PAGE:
By Rita Aggarwal, Consulting Psychologist
A young working mother had to take a turn in doing a night shift at her organisation. It was imperative as she had to relieve a colleague. She had taken many concessions when she married, when she was pregnant and now her child was grown up enough to be handled by her husband at home. But no she had an argument with her husband when he refused to baby-sit for the child. ‘I cannot do it, it is not my job. I had told you before that you can work if you can manage the home well enough to go out for work’. She was furious for did not the family enjoy the fruits of her labour? Did not the family become economically stronger and healthier with her pay packet? Then what was the harm in considering her challenges and chipping in once a while she argued but he was unrepentant. That is a stubborn mindset common enough to be called a norm in India.
Take a retired couple. They are seeking help for depression of the man. The part- reason for depression being that the man has retired from his business as his son takes over the major part. He feels redundant. His wife does not retire as all housewives, who never are given a retirement age. She continues to slog it out with all household chores as usual. Her primary complain is that he does not lift a finger at home and does not even bother to help himself with a glass of water when needed. He still wants to be served everything. ‘No’, he says emphatically, ‘I cannot so such things. It’s a woman’s job, not mine.’ His wife feels he would feel better if he shares some domestic work with me for there is lot to do but it’s a mental block that he suffers from. This also seems to be the norm in India.
Men still feel the home and the kitchen are a woman’s job. And since a woman is considered inferior to the men, how can her job be considered dignified. Domestic work is menial work, looked down upon and hated by most traditional men. Do we see men serving water /tea to the guests who come home we could ask. Do we see men picking up their plates after finishing eating one could observe. But we can see women driving cars and trucks, flying planes, doing judo and karate, managing large corporate houses, working in the fields doing manual labour and she prides herself on it. Is that because she feels she is equal or even better to the man and since the man is superior being she also becomes superior by doing such work. This distinction between types of work is vanishing today. All types of work are to be valued whether menial or intellectual. We must develop the attitude of ‘dignity of labour’. That is what Mahatma Gandhi professed and practiced his principle in totality. He would not hesitate to clean his own toilet and would ask everyone to do the same.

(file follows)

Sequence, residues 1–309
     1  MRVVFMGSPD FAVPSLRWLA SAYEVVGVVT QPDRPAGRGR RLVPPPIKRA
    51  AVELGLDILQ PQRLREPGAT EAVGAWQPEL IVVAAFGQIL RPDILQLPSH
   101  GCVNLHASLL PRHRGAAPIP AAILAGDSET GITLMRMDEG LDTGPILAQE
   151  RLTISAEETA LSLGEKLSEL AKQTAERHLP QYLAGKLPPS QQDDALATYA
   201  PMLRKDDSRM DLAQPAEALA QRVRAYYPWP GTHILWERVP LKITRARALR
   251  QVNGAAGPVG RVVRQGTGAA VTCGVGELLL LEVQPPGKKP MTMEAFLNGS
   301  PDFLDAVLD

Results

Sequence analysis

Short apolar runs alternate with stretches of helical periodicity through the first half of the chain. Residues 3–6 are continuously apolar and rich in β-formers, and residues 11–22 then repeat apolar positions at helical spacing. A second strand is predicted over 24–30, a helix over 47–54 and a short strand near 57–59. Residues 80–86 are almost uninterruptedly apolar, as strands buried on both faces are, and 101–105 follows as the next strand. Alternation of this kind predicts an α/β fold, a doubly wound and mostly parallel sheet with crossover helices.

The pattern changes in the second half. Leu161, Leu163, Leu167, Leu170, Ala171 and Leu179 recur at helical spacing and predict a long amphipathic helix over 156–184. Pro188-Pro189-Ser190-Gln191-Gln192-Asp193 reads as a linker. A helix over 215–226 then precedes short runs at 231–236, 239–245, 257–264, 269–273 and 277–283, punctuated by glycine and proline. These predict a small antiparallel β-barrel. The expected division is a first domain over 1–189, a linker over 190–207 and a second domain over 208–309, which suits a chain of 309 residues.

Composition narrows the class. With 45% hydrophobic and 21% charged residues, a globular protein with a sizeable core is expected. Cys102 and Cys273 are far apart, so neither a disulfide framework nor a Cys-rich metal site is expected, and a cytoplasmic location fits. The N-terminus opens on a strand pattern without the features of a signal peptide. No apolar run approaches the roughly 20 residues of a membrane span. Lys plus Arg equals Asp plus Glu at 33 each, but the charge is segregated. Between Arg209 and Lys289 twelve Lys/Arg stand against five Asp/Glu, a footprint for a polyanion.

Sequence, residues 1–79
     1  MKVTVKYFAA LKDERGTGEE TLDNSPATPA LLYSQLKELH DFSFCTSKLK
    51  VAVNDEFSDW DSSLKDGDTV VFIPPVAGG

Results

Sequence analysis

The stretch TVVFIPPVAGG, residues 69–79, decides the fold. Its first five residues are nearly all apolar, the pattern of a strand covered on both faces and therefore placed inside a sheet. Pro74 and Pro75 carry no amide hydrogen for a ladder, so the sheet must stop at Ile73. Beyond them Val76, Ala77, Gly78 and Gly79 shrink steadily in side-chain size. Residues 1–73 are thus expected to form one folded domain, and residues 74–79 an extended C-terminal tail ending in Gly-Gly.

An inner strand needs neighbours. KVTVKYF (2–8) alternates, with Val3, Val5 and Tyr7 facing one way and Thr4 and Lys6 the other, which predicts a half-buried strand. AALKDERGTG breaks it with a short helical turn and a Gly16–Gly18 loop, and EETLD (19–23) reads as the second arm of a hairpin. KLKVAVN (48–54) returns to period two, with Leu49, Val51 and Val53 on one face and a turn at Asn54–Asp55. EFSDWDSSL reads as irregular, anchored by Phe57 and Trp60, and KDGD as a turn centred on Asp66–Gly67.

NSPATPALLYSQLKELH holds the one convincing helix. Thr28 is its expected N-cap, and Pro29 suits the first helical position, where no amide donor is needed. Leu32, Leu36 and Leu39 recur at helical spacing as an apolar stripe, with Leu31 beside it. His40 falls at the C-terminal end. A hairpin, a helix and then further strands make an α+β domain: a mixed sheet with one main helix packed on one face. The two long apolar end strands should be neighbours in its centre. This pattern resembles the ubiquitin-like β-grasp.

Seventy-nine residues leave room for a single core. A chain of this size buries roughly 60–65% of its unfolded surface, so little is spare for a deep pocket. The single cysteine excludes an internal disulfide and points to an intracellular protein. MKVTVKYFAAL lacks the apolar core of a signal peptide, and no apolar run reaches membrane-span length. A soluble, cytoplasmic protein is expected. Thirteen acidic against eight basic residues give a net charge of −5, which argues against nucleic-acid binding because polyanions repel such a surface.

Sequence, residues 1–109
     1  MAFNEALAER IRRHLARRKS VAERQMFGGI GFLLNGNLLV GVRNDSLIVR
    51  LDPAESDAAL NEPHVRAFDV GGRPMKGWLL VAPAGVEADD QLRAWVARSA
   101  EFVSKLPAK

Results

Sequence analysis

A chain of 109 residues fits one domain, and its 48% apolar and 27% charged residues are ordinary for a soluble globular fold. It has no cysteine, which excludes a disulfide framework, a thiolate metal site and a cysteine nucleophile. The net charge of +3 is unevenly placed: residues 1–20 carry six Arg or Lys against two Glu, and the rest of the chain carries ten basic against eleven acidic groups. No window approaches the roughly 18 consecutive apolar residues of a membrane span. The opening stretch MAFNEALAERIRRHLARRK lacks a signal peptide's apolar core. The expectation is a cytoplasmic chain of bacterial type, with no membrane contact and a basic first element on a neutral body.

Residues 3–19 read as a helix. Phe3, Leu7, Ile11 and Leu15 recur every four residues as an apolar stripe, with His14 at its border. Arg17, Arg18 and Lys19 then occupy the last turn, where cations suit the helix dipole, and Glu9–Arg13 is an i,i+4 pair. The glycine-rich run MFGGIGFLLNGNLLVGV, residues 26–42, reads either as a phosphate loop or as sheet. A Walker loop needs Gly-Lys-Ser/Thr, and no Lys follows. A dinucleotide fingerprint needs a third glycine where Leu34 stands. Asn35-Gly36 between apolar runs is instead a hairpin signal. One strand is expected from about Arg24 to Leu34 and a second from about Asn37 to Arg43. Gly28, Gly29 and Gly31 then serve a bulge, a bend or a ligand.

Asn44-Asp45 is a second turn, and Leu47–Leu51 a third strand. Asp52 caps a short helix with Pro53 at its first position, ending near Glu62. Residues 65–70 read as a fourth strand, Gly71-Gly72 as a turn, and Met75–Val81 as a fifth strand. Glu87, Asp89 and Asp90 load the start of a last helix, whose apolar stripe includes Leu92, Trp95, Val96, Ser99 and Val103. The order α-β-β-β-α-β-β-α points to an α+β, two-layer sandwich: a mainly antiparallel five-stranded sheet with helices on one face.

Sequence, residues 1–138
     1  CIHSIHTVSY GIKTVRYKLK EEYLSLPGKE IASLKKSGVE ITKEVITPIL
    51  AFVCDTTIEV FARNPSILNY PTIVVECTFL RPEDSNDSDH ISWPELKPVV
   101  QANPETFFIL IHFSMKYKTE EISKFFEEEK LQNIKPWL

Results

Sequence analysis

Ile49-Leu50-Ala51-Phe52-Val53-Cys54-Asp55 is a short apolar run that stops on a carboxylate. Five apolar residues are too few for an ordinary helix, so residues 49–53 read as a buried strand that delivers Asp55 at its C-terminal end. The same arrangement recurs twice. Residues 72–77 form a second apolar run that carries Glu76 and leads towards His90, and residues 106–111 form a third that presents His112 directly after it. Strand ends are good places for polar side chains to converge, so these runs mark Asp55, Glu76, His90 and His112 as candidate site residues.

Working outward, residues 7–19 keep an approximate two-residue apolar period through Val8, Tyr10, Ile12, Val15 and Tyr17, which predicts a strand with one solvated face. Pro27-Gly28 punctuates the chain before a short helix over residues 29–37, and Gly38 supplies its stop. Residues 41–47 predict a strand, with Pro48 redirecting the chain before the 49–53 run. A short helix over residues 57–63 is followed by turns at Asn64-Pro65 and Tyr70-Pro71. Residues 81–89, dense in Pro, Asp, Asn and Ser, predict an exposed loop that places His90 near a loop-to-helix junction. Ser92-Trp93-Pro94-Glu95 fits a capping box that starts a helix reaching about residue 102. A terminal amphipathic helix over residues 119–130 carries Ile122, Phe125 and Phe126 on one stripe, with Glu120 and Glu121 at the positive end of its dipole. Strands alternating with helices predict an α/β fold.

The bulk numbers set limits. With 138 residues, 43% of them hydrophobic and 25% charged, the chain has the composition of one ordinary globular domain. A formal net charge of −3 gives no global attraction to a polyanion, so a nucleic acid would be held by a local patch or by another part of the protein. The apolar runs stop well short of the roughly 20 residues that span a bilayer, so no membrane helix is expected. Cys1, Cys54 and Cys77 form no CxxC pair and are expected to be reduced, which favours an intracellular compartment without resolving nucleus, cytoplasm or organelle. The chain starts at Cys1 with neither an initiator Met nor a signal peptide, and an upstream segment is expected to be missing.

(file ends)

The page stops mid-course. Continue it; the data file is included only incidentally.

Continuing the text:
We must thank all those modern minded men who believe in sharing everything with their wives whether it is domestic responsibilities, child care, old parents, physically ill members and outside work too. They respect the women and they respect her work. They believe she is a human being too with emotions and opinions and that she needs to be taken care of too. She cannot be shrugged off with ‘I don’t care a damn attitude’. I have witnessed this revolution of the mind and attitudes in my own family in the new generation and also in other families with modern mindsets.
If women are to enter the workforce in a meaningful way we have to appreciate the fact that men have to break this ‘indignity of labour’ barrier and start accepting domestic work as essential work that needs to be done whether by the man or the woman. If she is bearing the economic burden of running the household, then he better take the responsibility of running the house too. There is no shame or embarrassment in doing so. There should be a sense of pride in doing so. That would be modernity in true form.